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Factory Method: Motivation

In, C++ destructors are also an exception. Furthermore, in C++ a destructor is an operation that is automatically invoked to finalize an object that is about to be deleted.
Destructors must have the same name as the name of the class prefixed with a tilde (~). Thus clients must know the name of the destructor as well. Most of the time, you will just use the default destructor so this is not an issue. If it is an issue for your code, it is not hard to convert the Factory Method or Abstract Factory pattern to work with destructors as well as constructors. In fact you can use one of these Factory patterns for the destructors, while still using another pattern like Builder or Prototype for the creation process. In practice, you only rarely need to do this.
The factory method pattern is an object-oriented creational design pattern to implement the concept of factories and deals with the problem of creating objects without specifying the exact class of object that will be created. The essence of this pattern is to define an interface for creating an object and allow the classes that implement the interface decide which class to instantiate. The Factory method lets a class defer instantiation to subclasses.
Creating an object often requires complex processes not appropriate to include within a composing object. The object's creation may lead to a significant duplication of code and may require information not accessible to the composing object. This may not provide a sufficient level of abstraction or may otherwise not be part of the composing object's concerns. The factory method design pattern handles these problems by defining a separate method for creating the objects, which subclasses can then override to specify the derived type of product that will be created.

NodeJS Design Patterns

Need for Object Factories

There are two basic cases in which object factories are needed. The first occurs when a library needs not only to manipulate user-defined objects, but also to create them. For example, imagine you develop a framework for multiwindow document editors. Because you want the framework to be easily extensible, you provide an abstract class Document from which users can derive classes such as TextDocument and HTMLDocument. Another framework component may be a DocumentManager class that keeps the list of all open documents.
A good rule to introduce is that each document that exists in the application should be known by the DocumentManager[1]. Therefore, creating a new document is tightly coupled with adding it to DocumentManager's list of documents. When two operations are so coupled, it is best to put them in the same function and never perform them separately:

class DocumentManager
{
// public 
public:
Document* NewDocument();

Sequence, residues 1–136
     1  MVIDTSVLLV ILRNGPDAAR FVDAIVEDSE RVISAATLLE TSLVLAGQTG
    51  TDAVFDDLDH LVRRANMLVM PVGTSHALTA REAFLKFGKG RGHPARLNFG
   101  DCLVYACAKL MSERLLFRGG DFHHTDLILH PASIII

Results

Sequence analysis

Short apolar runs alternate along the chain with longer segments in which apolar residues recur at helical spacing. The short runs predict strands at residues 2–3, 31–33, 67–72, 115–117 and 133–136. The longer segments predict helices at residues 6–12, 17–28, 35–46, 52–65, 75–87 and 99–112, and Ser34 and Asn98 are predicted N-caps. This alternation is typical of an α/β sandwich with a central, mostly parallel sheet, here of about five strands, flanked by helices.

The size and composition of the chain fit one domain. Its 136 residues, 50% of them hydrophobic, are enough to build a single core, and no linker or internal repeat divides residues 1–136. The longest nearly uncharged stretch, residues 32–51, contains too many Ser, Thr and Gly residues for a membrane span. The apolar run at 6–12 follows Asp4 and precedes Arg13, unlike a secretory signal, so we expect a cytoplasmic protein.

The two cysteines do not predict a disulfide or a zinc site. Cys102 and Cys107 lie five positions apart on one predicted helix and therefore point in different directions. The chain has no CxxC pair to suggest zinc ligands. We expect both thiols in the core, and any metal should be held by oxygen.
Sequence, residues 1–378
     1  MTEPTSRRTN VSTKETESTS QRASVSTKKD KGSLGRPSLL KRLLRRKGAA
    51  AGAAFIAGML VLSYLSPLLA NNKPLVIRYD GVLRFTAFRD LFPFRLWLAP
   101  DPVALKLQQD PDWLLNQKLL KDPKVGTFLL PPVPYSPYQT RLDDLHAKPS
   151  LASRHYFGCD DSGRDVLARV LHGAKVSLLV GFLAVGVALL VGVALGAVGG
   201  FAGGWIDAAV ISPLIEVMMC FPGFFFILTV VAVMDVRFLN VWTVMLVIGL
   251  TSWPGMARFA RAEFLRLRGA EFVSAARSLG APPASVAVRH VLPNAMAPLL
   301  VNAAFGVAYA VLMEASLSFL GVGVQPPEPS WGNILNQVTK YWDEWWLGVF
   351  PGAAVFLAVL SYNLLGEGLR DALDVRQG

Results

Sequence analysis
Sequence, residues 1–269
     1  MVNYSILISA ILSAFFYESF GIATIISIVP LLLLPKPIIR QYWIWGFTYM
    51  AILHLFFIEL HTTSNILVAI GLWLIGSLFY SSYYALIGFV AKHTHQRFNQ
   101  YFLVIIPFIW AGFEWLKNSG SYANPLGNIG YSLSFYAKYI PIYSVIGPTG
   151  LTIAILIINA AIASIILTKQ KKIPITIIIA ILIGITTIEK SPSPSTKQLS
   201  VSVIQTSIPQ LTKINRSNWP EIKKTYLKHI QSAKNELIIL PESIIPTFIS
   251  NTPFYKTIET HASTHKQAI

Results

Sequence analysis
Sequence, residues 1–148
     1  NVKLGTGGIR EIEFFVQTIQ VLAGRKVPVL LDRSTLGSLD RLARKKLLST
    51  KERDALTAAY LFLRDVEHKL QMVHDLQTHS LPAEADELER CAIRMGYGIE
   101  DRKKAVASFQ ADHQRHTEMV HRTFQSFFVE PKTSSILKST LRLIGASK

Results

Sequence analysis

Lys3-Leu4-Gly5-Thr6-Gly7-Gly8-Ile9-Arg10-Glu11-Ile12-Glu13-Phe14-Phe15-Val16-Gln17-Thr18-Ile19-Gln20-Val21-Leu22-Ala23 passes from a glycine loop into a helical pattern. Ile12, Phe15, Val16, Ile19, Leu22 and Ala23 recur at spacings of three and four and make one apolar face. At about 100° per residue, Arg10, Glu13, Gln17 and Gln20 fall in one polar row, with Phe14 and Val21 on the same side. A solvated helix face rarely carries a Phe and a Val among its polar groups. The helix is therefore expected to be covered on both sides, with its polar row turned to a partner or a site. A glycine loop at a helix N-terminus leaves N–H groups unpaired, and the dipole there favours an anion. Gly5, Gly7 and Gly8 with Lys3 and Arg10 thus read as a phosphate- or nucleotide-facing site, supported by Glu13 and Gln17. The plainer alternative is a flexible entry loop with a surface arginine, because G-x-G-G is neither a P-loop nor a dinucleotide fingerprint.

private:
virtual Document* CreateDocument() = 0;
std::list<Document*> listOfDocs_;
};
Document* DocumentManager::NewDocument()
{
Document* pDoc = CreateDocument();
listOfDocs_.push_back(pDoc);
...
return pDoc;
}

The CreateDocument member function replaces a call to new. NewDocument cannot use the new operator because the concrete document to be created is not known by the time DocumentManager is written. In order to use the framework, programmers will derive from DocumentManager and override the virtual member function CreateDocument (which is likely to be pure). The GoF book calls CreateDocument a factory method.
Because the derived class knows exactly the type of document to be created, it can invoke the new operator directly. This way, you can remove the type knowledge from the framework and have the framework operate on the base class Document only. The override is very simple and consists essentially of a call to new; for example:

Document* GraphicDocumentManager::CreateDocument()
{
  return new GraphicDocument;
}

Alternatively, an application built with this framework might support creation of multiple document types (for instance, 1) bitmapped graphics and 2) vectorized graphics). In that case, the overridden CreateDocument function might display a dialog to the user asking for the specific type of document to be created.
Thinking of opening a document previously saved on disk in the framework just outlined brings us to the second case in which an object factory may be needed. When you save an object to a file, you must save its actual type in the form of a string, an integral value, an identifier of some sort. Thus, although the type information exists, its form does not allow you to create C++ objects.
The general concept underlying this situation is the creation of objects whose type information is genuinely postponed to runtime: entered by the end user, read from a persistent storage or network connection, or the like. Here the binding of types to values is pushed even further than in the case of polymorphism: When using polymorphism, the entity manipulating an object does not know its exact type; however, the object itself is of a well-determined type. When reading objects from some storage, the type comes alone at runtime. You must transform type information into an object. Finally, you must read the object from the storage, which is easy once an empty object is created, by invoking a virtual function.
Creating objects from "pure" type information, and consequently adapting dynamic information to static C++ types, is an important issue in building object factories.
[1]Document Manager: Document Manager provides a centrally managed storage system that tightly integrates with a collection of special modules used to capture and retrieve documents which, provides flexibility to tailor your document management to meet your requirements.